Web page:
Element Description
wbe Indicates that the URI is targeting WebSphere Business Events...
rest …and is targeting a resource published via the REST API.
r1 Revision 1 of the REST API is required
dirs A directory is being accessed
{dirName} The name of the directory being accessed
projects A project within the above directory is being accessed
{projName} The name of the project being accessed

The PUT request either creates a new project, or updates an existing project with the given name and in the given directory, if one exists. Note that directories are created implicitly during project creation.

Whether creating or updating, the request must provide a representation of the new resource in the body of the HTTP request. This is a crucial aspect of REST--the passing of representations of resources. The sample application sends the following:


The resource representation is formatted using JavaScript Object Notation (JSON), which is a lightweight data format often used in web 2.0 applications. Most resources in the Business Events REST API are represented using JSON, though in some cases XML is also supported. In this article, all requests use JSON unless otherwise stated. The JSON data above has been reformatted for this article because the raw data is difficult to read. See Resources for information on how to reformat your own JSON data.

The owner field indicates who owns the project, while the privacy field indicates who else is allowed to access the project.

The PUT request must tell the REST API which data format the resource representation is encoded using, and can also request a particular format for any response data. HTTP headers are used to achieve this, as shown here:

Content-Type: application/json
Accept: application/json

To issue a project creation request from the sample application, select option p1.

The full HTTP request, including other standard HTTP headers (the description of which is beyond the scope of this article) looks like this:

PUT /wbe/rest/r1/dirs/demoDirectory/projects/demoProject HTTP/1.1
Authorization: Basic 98jd2j09kd09kkd3k09d3dj898jd==
Content-Type: application/json
Accept: application/json
User-Agent: Java/1.6.0
Host: localhost
Connection: keep-alive
Content-Length: 39


The first time the request is issued, the REST API responds with:

HTTP/1.1 201 Created
Content-Type: application/json; charset=UTF-8
Content-Language: en-GB
Content-Length: 66
Set-Cookie: <snip – cookie data omitted for clarity> 
Date: Thu, 21 Jan 2010 13:36:36 GMT
Server: WebSphere Application Server/7.0
Expires: Thu, 01 Dec 1994 16:00:00 GMT
Cache-Control: no-cache="set-cookie, set-cookie2"


The response code 201 indicates that a new project resource was created. The other standard HTTP headers provide further information about the result, including the type and length of the response body. The response body includes the project name and identifier, for reference.

Further PUT requests to the project URI will prompt an HTTP/1.1 204 No Content response, which indicates that the request was successful but that no response data was sent. Putting a new project representation to the URI for an existing project causes the project to be updated.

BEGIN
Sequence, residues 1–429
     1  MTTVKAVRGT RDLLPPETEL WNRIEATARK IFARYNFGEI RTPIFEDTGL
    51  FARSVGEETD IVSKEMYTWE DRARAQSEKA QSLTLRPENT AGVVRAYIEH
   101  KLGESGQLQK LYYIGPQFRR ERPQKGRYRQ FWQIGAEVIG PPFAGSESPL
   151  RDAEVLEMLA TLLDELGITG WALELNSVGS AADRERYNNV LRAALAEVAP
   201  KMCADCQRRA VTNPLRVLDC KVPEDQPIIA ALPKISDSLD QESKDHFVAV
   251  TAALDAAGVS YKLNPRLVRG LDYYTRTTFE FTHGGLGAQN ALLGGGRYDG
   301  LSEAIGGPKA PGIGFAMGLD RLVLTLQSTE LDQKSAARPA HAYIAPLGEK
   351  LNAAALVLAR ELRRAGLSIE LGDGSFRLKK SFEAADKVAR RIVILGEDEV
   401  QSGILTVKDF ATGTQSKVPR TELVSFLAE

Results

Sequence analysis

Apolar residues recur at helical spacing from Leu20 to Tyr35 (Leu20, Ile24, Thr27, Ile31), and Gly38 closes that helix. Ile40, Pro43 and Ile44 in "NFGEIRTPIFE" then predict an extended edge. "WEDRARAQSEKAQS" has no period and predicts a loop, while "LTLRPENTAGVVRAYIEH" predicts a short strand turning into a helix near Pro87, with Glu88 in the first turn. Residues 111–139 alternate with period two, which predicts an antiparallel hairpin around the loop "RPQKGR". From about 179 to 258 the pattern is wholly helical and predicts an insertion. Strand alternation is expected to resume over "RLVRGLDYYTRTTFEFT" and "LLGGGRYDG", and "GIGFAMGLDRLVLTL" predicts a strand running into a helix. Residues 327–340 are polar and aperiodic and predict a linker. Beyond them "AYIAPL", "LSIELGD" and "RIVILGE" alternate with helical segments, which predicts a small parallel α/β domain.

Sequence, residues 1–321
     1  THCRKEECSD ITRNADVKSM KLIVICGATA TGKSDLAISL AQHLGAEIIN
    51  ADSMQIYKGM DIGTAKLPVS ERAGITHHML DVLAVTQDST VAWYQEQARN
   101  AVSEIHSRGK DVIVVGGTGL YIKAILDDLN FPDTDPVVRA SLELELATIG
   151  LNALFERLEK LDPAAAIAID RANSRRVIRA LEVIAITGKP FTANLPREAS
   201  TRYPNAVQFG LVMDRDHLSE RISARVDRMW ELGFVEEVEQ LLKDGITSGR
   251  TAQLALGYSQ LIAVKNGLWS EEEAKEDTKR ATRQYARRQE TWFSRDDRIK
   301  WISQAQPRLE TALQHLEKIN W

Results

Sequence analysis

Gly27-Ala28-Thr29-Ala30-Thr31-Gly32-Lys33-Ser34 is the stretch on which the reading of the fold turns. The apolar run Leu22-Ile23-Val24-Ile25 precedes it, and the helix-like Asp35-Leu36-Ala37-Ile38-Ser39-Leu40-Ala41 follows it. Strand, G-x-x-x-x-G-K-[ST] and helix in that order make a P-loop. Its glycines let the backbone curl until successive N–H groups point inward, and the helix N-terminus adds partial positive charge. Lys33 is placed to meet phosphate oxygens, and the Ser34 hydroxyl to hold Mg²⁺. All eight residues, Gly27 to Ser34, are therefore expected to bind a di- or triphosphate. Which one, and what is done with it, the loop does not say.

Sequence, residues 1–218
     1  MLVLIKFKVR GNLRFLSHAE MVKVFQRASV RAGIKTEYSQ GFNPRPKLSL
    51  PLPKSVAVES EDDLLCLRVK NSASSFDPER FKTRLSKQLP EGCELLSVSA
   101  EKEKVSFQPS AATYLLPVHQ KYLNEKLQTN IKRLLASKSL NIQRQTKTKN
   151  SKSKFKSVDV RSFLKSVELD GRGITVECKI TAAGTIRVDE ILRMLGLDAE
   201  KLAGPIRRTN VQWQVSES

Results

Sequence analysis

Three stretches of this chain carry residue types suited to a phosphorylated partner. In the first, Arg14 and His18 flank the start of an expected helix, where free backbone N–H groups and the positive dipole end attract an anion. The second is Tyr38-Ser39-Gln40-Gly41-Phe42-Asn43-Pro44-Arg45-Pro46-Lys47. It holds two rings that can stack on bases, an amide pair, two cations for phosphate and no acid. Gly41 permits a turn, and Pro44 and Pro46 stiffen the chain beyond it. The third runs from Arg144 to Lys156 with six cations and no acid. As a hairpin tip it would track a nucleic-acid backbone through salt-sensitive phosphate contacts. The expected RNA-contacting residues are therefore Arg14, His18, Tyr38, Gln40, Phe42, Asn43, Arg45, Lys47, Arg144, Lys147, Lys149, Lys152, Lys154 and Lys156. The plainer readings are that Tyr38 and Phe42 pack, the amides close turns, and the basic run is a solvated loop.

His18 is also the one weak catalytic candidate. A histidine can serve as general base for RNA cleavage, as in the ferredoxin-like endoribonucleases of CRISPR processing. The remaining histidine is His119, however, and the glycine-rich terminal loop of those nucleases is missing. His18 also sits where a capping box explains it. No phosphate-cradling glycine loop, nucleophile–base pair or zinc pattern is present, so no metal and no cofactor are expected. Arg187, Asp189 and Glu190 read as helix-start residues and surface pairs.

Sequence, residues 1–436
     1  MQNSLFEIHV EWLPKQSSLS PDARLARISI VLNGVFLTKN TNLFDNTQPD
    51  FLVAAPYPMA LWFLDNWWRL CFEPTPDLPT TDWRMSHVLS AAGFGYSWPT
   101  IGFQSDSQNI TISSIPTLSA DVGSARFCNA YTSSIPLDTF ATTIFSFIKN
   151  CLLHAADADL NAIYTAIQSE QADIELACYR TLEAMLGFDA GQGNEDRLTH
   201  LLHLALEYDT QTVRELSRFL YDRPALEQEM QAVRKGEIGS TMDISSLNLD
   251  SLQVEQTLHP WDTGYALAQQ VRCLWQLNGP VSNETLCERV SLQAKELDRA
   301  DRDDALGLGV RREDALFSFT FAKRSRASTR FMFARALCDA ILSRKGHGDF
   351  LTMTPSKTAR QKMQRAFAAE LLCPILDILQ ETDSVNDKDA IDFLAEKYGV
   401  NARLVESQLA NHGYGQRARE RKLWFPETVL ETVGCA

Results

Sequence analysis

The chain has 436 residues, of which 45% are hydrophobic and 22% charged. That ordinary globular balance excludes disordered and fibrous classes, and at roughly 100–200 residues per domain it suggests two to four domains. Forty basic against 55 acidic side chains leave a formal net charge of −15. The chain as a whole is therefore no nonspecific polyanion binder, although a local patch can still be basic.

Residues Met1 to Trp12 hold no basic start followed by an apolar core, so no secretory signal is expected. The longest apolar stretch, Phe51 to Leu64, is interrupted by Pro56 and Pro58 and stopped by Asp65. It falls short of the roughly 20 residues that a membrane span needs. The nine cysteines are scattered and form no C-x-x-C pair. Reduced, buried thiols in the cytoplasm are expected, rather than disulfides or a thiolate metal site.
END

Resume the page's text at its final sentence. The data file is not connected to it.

Having created a hosted project, we can now read a representation of the project back from the REST API by issuing a GET request to same URI we used to create the project. The HTTP response body will contain a representation of the project that was created. Selecting option p2 in the sample application will display specific fields from the returned response:

Reading project from: http://localhost:9080/wbe/rest/r1/dirs/demoDirectory/projects/
Received HTTP response: 200 OK
REST API responded with:
   Name          :    demoProject
   Directory     :    demoDirectory
   Owner         :    jeremyJones
   Privacy       :    public
   Creation time :    2010-01-21T13:36:36Z
   Project ID    :    44dc32d6-a1ba-4fee-9ee4-48ef58005f19

In addition to the owner and privacy that we set during project creation, the project representation includes the name, directory, creation time, and project identifier. The additional fields provide a full picture of the project. You'll notice that we didn't send all of the above fields during creation--resource representations sent during creation or update requests do not necessarily have to provide values for optional fields.

See Resources to learn more about the Projects resource, along with all the other REST resources discussed in the following sections.

Step 2. Load assets into the hosted project

Having created a hosted project, we now need to populate it with assets to use as building blocks for the event processing logic. We'll upload a pre-created Business Events project file to achieve this. This project matches the recommended Business Events workflow, where building block assets such as events, actions, and intermediate objects are defined using Design Data then used by business users in the Design tool.

To uploaded the project file we'll issue a PUT request similar to Step 1 and we'll use the same URI:


However rather than sending JSON, we'll set the content type as follows:

Content-Type: application/x-wbe+xml

This tells the REST API that the request body is formatted using the Business Events internal project file format, and contains a collection of assets rather than higher level project definition details as we saw previously. The content type application/xml is avoided by the REST API here because the Business Events file format should not be accessed directly by users; it's used for uploading and downloading complete project files that can be opened using the Event Flow and Design Data tools.